Andrew Baird and Tom Bridge have just returned from a week sampling the corals of the Lord Howe Island Marine Park (LHIMP), the world’s southernmost coral reef. Andrew, along with many colleagues from Project Phoenix, has been working to quantify the biodiversity of the corals of the island for over 10 years. On his first … Continue reading March 2021 Lord Howe Island
Andrew Baird has just returned from a field trip to the Solitary Islands Marine Park (SIMP). The weather and sea conditions were brilliant, with light winds and the deep warm blue of the East Australia Current bathing the outer islands of the group. Project Phoenix have been working in the SIMP since 2010 to document … Continue reading March 2021 Solitary Islands
Author: Hanaka Mera As a PhD student, if someone told me that the species I am working with (or planning on) for my research project actually might be something entirely different or might be five different species, it would be quite overwhelming, maybe feel a bit devastated. This could be true for any researcher or … Continue reading Changing coral taxonomy: What can we do in the meantime?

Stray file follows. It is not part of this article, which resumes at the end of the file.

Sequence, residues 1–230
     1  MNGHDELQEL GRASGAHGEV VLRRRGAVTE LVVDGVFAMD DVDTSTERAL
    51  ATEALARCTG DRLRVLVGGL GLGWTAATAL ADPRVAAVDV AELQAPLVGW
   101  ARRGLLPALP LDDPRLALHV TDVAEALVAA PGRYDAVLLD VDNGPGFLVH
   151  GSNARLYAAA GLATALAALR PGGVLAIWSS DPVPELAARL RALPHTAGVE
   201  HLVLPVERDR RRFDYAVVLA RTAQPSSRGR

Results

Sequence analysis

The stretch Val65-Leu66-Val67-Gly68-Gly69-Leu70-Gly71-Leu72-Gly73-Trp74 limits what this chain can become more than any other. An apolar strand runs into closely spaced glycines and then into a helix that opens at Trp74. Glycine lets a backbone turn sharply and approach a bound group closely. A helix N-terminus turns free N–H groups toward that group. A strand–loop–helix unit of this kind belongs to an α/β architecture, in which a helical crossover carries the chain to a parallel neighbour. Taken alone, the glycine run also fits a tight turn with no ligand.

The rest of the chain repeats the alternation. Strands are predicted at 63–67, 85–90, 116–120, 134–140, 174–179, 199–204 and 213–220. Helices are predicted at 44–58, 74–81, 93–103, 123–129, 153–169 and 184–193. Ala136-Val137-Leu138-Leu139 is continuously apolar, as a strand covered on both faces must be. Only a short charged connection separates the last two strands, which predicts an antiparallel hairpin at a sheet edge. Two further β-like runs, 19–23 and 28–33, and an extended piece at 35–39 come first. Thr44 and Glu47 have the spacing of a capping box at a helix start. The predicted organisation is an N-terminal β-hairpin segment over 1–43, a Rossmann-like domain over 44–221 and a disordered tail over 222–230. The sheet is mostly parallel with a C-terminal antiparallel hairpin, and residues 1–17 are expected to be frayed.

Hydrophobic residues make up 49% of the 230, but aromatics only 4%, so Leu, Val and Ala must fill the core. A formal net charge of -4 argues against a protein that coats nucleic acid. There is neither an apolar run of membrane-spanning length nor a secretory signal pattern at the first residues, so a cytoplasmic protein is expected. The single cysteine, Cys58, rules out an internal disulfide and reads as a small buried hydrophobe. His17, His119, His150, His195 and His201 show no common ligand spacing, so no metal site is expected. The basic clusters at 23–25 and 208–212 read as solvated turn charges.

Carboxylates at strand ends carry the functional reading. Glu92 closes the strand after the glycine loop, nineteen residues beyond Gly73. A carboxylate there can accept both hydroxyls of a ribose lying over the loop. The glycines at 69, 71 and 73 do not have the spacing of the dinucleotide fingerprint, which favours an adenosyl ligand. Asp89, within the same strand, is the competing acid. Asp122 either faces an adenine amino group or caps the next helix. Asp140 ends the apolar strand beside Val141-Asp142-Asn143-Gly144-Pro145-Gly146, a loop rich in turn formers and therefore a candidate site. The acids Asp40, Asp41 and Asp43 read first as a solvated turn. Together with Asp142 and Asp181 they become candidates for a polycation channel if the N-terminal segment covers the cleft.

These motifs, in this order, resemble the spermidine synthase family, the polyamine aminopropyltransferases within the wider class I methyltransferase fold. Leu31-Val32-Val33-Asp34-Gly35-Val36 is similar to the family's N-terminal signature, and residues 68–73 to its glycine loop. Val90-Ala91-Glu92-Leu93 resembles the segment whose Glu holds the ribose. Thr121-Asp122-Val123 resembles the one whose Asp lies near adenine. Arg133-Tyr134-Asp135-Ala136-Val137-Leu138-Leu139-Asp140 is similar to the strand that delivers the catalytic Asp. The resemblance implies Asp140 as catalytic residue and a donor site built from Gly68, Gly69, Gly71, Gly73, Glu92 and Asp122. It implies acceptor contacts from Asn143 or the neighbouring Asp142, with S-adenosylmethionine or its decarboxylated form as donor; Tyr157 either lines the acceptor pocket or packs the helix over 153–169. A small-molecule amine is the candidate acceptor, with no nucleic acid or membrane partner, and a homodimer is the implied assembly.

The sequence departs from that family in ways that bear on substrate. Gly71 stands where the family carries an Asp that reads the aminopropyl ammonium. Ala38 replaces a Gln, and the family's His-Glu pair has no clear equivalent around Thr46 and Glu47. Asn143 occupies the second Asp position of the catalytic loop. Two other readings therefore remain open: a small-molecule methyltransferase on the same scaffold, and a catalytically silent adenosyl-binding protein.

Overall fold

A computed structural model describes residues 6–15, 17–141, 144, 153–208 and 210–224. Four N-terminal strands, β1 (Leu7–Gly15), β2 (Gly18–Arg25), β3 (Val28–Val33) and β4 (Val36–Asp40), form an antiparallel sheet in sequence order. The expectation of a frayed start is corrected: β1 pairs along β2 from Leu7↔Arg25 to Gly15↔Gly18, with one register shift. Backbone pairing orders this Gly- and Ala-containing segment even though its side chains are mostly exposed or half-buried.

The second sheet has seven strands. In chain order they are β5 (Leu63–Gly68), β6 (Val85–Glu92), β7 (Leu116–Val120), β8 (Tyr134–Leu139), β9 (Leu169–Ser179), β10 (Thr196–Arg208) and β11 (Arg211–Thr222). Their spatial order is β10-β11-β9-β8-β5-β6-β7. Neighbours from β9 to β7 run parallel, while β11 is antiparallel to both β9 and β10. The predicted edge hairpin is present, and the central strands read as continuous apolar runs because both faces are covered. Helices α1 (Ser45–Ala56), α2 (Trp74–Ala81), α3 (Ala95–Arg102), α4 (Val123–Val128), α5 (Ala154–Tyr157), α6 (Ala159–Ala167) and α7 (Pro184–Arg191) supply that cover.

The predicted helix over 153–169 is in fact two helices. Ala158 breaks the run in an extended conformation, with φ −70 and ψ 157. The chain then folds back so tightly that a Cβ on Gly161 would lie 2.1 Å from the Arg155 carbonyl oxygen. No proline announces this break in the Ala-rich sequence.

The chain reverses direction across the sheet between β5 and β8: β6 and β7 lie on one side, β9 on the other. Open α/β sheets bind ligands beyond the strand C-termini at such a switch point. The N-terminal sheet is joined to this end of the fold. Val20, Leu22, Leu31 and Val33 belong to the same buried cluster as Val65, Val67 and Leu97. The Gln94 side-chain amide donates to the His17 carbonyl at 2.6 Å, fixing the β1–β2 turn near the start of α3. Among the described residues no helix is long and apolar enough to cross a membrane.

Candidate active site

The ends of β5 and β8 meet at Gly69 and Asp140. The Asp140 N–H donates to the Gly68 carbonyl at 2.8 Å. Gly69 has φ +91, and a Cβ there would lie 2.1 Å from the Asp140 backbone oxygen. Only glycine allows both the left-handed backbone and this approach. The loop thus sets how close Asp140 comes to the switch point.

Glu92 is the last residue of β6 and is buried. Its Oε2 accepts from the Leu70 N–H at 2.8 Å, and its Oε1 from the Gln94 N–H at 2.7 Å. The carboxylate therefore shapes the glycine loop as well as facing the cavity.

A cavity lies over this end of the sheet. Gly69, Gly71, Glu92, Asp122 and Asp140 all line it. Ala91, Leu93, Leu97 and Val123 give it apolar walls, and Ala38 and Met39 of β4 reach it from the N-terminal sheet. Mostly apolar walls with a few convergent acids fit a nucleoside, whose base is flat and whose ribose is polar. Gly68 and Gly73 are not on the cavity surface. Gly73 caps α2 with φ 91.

Author: Andrew Baird Project Phoenix recently visited Heron Island Research Station in the Capricorn Bunker Group on the Great Barrier Reef in their ongoing hunt for coral topotypes and new species. At least 7 nominal species of Scleractinia have type locations in the region and we are confident we found representatives of most of these, … Continue reading Heron Island Field Trip
Author: Andrew Baird After a 10 hour steam on the Kalinda and a quiet night full of stars; Jupiter, Saturn, Mars and then Venus were all on display, we woke to a glass out in the lagoon on Myrmidon. [Image: Glass out at Myrmidon Reef] We were targeting topotypes of a couple of nominal species, … Continue reading Myrmidon Reef
Author: Andrew Baird The SS Yongala is a world famous dive, known especially for the extraordinary fish life it supports, including large schools of giant trevally and barracuda and a couple of monstrous Queensland groupers. The Yongala is not so well known for its scleractinian corals, being a little too deep to support the abundance … Continue reading The Corals of the SS Yongala